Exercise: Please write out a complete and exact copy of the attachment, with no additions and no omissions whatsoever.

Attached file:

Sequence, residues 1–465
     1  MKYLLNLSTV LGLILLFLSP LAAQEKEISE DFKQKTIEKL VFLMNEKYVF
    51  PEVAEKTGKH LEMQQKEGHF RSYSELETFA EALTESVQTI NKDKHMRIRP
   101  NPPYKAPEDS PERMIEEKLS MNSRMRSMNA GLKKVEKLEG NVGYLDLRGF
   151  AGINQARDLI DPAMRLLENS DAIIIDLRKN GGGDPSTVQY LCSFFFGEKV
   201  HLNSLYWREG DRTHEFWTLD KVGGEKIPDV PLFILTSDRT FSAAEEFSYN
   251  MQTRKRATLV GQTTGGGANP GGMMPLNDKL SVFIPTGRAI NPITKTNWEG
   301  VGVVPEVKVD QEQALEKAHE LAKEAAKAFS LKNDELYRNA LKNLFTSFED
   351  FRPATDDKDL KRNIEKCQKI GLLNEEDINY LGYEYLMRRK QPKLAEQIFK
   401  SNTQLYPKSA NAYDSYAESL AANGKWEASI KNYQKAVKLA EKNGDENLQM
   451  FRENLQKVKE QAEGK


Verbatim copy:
Sequence, residues 1–465
     1  MKYLLNLSTV LGLILLFLSP LAAQEKEISE DFKQKTIEKL VFLMNEKYVF
    51  PEVAEKTGKH LEMQQKEGHF RSYSELETFA EALTESVQTI NKDKHMRIRP
   101  NPPYKAPEDS PERMIEEKLS MNSRMRSMNA GLKKVEKLEG NVGYLDLRGF
   151  AGINQARDLI DPAMRLLENS DAIIIDLRKN GGGDPSTVQY LCSFFFGEKV
   201  HLNSLYWREG DRTHEFWTLD KVGGEKIPDV PLFILTSDRT FSAAEEFSYN
   251  MQTRKRATLV GQTTGGGANP GGMMPLNDKL SVFIPTGRAI NPITKTNWEG
   301  VGVVPEVKVD QEQALEKAHE LAKEAAKAFS LKNDELYRNA LKNLFTSFED
   351  FRPATDDKDL KRNIEKCQKI GLLNEEDINY LGYEYLMRRK QPKLAEQIFK
   401  SNTQLYPKSA NAYDSYAESL AANGKWEASI KNYQKAVKLA EKNGDENLQM
   451  FRENLQKVKE QAEGK